Alfredo Aceves has the best winning percentage of all time

7 Comments

Alfredes Aceves was the winning pitcher in last night’s 16-inning marathon between the Red Sox and Rays, throwing three scoreless innings before Dustin Pedroia’s hit finally broke a 0-0 tie.

With the victory Aceves improved to 19-2 for his career, which is a .905 winning percentage that ranks as the best mark in MLB history among all pitchers with at least 20 decisions. Seriously.

Of course, by making the cutoff just 20 decisions the whole list is basically filled with pitchers like Aceves, who while very effective weren’t exactly Cy Young contenders:

                     W      L     WIN%
ALFREDO ACEVES      19      2     .905
Luis Aloma          18      3     .857
Howie Krist         37     11     .771
Brendan Donnelly    32     10     .762
Brad Clontz         22      8     .733

Brad Clontz! All five of those guys are non-closer relievers who vultured wins because of how they were used as much as how well they pitched, but 19-2 is still pretty remarkable for someone with just 189 total innings.

Bump the decision cutoff up to, say, 250 and the leaders are Whitey Ford (.690), Pedro Martinez (.687), Lefty Grove (.680), Roy Halladay (.669), and Christy Matthewson (.668), which is a slightly more impressive list.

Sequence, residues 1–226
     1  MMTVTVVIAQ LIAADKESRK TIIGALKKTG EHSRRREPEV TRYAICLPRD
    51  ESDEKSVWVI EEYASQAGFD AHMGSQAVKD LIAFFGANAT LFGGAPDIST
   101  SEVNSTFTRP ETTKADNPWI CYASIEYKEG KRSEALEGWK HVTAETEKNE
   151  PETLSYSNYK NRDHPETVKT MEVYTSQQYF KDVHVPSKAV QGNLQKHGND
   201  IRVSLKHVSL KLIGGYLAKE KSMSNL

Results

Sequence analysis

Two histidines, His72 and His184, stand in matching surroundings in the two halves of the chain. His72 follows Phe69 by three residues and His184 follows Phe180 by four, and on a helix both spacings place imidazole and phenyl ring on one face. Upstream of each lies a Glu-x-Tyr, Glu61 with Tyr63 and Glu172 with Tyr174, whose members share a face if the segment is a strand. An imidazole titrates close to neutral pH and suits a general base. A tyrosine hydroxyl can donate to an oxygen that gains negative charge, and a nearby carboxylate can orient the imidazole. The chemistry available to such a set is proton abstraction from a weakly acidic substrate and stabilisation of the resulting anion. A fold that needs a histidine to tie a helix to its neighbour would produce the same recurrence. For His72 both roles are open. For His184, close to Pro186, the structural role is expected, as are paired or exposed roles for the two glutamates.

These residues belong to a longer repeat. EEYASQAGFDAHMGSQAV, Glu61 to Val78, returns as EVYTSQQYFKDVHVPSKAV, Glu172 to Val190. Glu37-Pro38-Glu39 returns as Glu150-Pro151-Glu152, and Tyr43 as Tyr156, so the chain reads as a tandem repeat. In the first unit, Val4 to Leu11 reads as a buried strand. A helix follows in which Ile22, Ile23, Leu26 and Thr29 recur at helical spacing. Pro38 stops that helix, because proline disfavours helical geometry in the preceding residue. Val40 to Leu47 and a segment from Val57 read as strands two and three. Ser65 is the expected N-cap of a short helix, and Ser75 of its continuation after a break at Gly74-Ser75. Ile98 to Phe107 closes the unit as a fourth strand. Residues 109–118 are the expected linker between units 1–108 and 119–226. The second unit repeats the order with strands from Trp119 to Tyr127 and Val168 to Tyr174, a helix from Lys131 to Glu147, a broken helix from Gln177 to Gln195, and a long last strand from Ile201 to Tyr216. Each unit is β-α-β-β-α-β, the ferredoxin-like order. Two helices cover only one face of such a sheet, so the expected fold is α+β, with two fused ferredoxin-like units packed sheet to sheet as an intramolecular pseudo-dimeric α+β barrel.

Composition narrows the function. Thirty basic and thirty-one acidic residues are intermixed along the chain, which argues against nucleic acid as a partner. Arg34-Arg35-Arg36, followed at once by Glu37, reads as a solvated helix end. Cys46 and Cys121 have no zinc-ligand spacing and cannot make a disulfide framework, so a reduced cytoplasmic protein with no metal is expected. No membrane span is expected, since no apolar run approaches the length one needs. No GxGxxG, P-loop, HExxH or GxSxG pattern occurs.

Autopsy report reveals morphine, Ambien in Roy Halladay’s system

Getty Images
5 Comments

Traces of morphine, amphetamine, Prozac and Ambien were found in Roy Halladay’s system at the time of his death, according to the autopsy findings Zachary T. Sampson of the Tampa Bay Times reported Friday. The former Phillies and Blue Jays ace and two-time Cy Young Award winner was killed in a plane crash off the Gulf of Mexico last November. While the exact cause of the incident has not yet been determined, it was a combination of blunt force trauma and drowning that resulted in the 40-year-old’s death.

Further details from the NY Daily News revealed that Halladay sustained a fractured leg and a “subdural hemorrhage, multiple rib fractures, and lung, liver and spleen injuries” during the crash. As for the drugs present in his system, the autopsy report suggests that the presence of morphine could be linked to heroin use, though there’s no clear evidence that he did so.

The toxicology results also determined that Halladay had a blood-alcohol content level of 0.01. A BAC of 0.08 is the legal limit for operating a car, but current FAA regulations prohibit any alcohol consumption for eight hours before operating aircraft. Halladay was both the pilot and sole passenger aboard the plane when it crashed.

Previous statements from the National Transportation Safety Board indicate that the investigation is still ongoing and could take up to two years to resolve.